Whenever you are asked if you can do a job, tell ‘em, “Certainly I can!” Then get busy and find out how to do it. (Theodore Roosevelt)
Certainly I can! What an inspiring phrase.
Microfocus COBOL was a total unknown. It had been used to program a small but critical insurance application two years before. The manager of 70 people asked among his employees for a volunteer to fix it. No one stepped up. Finally he asked if anyone else could do it. I replied, “I can learn how.” I wasn’t an employee. I was an expensive contract programmer being paid to do something else. He gave me the assignment and I learned a new skill. It was interesting that as I worked on it some of the employees who didn’t volunteer came by and told me how lucky I was to know those skills.
If you look at real leaders, technical, managerial, and sales leaders, you will find that they volunteer for difficult projects. They hear about a problem or project and ask themselves, “Can I learn how to do that?” They lobby for the chance to take on significant problems that will have a big payback for the company. They often find and solve serious problems no one else could even bring themselves to admit. Then those leaders take appropriate credit for their personal learning and growth, and they are given more chances to solve difficult problems.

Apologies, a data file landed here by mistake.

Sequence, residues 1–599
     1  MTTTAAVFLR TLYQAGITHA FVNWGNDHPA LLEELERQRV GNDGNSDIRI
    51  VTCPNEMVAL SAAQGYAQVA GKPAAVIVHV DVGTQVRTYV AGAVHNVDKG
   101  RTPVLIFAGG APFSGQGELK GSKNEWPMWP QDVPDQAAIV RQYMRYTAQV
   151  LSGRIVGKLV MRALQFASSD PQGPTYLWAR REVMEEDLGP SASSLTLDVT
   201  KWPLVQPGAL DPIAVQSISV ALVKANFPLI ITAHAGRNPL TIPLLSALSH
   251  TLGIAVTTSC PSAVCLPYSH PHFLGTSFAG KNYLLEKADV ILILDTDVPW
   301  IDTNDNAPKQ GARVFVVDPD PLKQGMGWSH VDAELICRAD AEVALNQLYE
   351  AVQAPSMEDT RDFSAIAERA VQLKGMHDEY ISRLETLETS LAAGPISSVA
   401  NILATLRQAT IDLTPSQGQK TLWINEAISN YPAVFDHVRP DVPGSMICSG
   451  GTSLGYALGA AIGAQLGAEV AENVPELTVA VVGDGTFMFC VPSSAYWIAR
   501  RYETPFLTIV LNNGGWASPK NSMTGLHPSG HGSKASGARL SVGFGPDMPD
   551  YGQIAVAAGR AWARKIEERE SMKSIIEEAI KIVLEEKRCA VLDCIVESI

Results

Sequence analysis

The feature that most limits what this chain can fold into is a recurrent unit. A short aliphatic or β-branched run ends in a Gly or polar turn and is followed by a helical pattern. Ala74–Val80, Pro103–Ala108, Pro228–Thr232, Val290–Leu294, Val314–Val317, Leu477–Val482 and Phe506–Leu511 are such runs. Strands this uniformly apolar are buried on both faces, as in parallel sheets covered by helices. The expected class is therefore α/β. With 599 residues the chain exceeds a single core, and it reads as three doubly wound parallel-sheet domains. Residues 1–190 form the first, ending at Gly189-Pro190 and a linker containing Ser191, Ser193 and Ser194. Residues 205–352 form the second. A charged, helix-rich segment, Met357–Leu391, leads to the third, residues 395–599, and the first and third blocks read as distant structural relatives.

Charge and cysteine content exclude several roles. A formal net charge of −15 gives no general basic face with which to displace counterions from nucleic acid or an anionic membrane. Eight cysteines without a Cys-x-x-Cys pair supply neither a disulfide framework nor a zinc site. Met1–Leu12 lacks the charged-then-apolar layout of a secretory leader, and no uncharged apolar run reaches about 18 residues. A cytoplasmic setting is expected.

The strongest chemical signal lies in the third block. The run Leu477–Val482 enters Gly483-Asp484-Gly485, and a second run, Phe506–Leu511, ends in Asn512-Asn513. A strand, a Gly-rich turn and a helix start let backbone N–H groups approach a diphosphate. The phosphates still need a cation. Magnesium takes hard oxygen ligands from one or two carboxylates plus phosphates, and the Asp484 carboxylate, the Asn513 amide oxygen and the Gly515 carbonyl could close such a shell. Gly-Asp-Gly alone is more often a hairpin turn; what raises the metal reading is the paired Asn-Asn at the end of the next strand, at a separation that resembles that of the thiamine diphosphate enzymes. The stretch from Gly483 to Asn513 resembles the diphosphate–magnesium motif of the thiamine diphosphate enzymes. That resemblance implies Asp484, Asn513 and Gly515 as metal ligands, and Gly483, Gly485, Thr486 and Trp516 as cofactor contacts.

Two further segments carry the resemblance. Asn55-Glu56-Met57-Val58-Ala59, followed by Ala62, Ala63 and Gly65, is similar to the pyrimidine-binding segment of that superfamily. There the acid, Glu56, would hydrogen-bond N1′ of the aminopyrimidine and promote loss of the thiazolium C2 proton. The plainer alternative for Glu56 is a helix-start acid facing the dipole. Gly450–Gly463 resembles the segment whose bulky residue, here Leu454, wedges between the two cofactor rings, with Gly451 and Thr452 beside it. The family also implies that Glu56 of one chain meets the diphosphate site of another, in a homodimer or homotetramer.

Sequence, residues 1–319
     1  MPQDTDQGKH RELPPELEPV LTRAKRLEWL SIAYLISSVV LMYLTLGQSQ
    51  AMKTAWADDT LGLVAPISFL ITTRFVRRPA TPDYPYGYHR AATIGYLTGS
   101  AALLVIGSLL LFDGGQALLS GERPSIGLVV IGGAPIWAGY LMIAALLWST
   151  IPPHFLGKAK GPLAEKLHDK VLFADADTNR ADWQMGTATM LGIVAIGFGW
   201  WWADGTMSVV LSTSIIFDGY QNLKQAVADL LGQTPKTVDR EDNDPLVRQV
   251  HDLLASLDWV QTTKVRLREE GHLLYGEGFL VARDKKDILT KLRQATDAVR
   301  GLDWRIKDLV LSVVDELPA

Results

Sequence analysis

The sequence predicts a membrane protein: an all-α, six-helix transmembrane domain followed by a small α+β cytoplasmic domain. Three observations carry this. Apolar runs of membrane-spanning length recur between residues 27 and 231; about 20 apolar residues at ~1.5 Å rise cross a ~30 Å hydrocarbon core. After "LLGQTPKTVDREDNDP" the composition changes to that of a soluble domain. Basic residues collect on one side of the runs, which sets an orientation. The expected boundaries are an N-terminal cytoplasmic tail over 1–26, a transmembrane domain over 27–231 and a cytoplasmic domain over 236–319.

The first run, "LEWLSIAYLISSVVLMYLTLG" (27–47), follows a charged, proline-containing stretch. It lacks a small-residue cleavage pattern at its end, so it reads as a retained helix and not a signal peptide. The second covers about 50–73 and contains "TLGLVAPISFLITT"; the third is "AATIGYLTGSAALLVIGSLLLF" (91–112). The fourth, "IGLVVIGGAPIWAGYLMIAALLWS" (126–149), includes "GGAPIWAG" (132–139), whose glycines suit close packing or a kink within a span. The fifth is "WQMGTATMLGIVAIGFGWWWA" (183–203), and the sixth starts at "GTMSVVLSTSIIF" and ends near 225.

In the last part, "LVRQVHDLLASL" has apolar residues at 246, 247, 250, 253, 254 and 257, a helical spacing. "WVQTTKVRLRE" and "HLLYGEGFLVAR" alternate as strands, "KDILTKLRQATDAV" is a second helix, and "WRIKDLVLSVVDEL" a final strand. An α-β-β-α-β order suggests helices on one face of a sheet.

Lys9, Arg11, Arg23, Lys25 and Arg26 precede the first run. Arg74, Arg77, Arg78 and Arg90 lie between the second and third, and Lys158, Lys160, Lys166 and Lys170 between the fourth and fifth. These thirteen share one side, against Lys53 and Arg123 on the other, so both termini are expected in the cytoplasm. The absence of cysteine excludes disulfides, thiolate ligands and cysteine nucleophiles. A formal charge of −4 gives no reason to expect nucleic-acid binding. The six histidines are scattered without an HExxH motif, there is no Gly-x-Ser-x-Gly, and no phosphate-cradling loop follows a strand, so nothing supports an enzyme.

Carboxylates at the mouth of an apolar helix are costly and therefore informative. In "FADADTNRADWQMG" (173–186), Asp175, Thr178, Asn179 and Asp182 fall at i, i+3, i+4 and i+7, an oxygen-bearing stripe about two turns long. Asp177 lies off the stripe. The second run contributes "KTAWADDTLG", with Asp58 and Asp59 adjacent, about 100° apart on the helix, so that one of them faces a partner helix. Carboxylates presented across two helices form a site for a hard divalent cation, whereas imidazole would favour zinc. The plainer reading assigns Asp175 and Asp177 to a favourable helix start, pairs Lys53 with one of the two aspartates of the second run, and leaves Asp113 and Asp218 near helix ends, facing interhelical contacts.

“Certainly I can” is a critical phrase in a leader’s vocabulary. It isn’t a matter of being able to do the impossible this second. It is knowing that given time and appropriate resources the problem can be solved and I can do it.
Something To Do Today
Look for problems. Look for screw ups. Listen for moaning, whining and complaining. Make lists of all the difficulties you can find. Decide which of them will have the biggest payback for the company. Tell the right person, “I can fix that”, and watch what happens.
Tomorrow: But I’m a really fast learner
Later: Re-entering the workforce
I don’t want to spend my money on training
Make a game out of it